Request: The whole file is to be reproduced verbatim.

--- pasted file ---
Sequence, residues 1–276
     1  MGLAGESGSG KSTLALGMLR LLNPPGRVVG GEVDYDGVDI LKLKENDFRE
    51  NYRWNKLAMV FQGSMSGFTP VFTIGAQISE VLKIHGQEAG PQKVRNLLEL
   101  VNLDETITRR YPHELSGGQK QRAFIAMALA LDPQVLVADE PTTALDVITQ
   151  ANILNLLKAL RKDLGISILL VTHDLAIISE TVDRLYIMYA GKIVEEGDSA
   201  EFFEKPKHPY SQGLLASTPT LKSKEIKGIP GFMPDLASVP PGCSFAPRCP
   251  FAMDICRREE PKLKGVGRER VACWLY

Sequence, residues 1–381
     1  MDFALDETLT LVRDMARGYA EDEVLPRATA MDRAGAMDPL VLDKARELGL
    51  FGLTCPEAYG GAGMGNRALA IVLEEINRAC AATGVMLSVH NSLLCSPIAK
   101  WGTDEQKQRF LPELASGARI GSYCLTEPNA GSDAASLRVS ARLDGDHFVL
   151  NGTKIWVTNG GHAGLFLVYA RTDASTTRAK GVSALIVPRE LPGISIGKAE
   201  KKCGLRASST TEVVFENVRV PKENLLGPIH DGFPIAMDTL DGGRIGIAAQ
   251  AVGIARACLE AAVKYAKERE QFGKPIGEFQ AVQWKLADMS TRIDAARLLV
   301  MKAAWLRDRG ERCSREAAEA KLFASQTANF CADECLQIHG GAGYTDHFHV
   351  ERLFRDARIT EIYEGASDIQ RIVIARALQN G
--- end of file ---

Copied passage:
Sequence, residues 1–276
     1  MGLAGESGSG KSTLALGMLR LLNPPGRVVG GEVDYDGVDI LKLKENDFRE
    51  NYRWNKLAMV FQGSMSGFTP VFTIGAQISE VLKIHGQEAG PQKVRNLLEL
   101  VNLDETITRR YPHELSGGQK QRAFIAMALA LDPQVLVADE PTTALDVITQ
   151  ANILNLLKAL RKDLGISILL VTHDLAIISE TVDRLYIMYA GKIVEEGDSA
   201  EFFEKPKHPY SQGLLASTPT LKSKEIKGIP GFMPDLASVP PGCSFAPRCP
   251  FAMDICRREE PKLKGVGRER VACWLY

Sequence, residues 1–381
     1  MDFALDETLT LVRDMARGYA EDEVLPRATA MDRAGAMDPL VLDKARELGL
    51  FGLTCPEAYG GAGMGNRALA IVLEEINRAC AATGVMLSVH NSLLCSPIAK
   101  WGTDEQKQRF LPELASGARI GSYCLTEPNA GSDAASLRVS ARLDGDHFVL
   151  NGTKIWVTNG GHAGLFLVYA RTDASTTRAK GVSALIVPRE LPGISIGKAE
   201  KKCGLRASST TEVVFENVRV PKENLLGPIH DGFPIAMDTL DGGRIGIAAQ
   251  AVGIARACLE AAVKYAKERE QFGKPIGEFQ AVQWKLADMS TRIDAARLLV
   301  MKAAWLRDRG ERCSREAAEA KLFASQTANF CADECLQIHG GAGYTDHFHV
   351  ERLFRDARIT EIYEGASDIQ RIVIARALQN G